The Opposition campaign in Kairana not only highlighted the real issues of the people of Western UP – in particular, the distress of debt-ridden sugarcane farmers – but also directly confronted and resisted the communal and divisive propaganda, by declaring that the contention in Kairana was that of “Jinnah vs Ganna” (i.e divisive issues like ‘Jinnah’ versus genuine concerns of ganna – sugarcane – farmers). The Kairana results showed that the people (across community lines and religious divides) firmly chose “ganna” (sugarcane, representing bread and butter issues) over “Jinnah” (representing needless, poisonous, divisive issues). This choice in itself indicated a shift away from the political climate of the UP Assembly polls last year, which was successfully polarised by Modi’s and Yogi’s divisive “shamshan vs kabristan” (cremation ground vs graveyard) speeches.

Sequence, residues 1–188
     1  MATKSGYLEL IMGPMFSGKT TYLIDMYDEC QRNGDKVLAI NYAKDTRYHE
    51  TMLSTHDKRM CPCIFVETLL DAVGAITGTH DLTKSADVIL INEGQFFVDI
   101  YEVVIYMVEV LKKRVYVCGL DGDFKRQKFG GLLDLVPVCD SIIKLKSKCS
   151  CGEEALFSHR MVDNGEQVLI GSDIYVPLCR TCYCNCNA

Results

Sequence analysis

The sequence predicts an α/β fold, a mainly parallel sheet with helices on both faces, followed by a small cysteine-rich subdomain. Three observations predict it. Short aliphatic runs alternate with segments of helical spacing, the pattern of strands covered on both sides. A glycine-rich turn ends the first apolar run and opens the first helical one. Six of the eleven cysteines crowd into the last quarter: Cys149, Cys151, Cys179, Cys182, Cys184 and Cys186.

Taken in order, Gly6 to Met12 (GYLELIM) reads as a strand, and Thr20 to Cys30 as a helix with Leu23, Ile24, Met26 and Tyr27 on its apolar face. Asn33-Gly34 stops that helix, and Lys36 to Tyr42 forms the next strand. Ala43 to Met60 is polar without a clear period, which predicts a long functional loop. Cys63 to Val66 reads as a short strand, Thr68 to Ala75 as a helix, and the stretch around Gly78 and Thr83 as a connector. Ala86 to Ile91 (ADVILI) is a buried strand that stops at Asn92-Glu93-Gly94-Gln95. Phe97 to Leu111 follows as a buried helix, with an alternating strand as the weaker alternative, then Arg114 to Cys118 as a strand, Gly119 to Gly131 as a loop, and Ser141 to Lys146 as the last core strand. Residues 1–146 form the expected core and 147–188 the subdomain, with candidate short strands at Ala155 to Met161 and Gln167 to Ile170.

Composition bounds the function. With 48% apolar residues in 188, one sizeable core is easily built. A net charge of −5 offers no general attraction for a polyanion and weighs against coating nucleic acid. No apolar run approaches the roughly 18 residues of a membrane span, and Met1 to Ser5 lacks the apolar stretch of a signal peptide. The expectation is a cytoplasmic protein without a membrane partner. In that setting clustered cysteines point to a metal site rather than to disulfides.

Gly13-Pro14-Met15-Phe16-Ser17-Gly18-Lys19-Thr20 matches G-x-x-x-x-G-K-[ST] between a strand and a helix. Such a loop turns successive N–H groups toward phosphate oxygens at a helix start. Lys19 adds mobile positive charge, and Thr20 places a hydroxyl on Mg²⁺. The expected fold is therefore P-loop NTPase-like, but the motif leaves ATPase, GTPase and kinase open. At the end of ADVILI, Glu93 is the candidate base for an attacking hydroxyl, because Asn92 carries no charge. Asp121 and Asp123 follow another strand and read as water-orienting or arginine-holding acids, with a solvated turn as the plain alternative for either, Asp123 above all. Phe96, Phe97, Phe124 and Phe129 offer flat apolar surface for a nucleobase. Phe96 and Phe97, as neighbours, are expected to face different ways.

Kairana also challenged another political myth that has been gaining traction in the Opposition camp: that the BJP’s ouster demands a ‘strategic’ taboo on Muslim visibility and political participation and on anti-communal issues. This myth put forward the argument that secular politics must be visibly ‘Hindu’ in appearance, and must mute itself on the question of persecution of Muslims; it also required Muslims to keep their heads below the parapet and maintain a low profile in politics. Even as the BJP virtually stopped fielding any Muslim candidates, the Opposition too began marginalising Muslims in the political arena. Kairana marked a change in this tendency. In Kairana, the site of relentless communal propaganda, the united Opposition candidate was a Muslim woman and the evocative campaign slogan of ‘Ganna vs Jinnah’ refused to divorce anti-communal politics from bread-and-butter issues. The fact that Jats and Muslims alike responded to this campaign and elected Tabassum Hasan, making her the only Muslim MP from Uttar Pradesh in the Lok Sabha, is significant and welcome.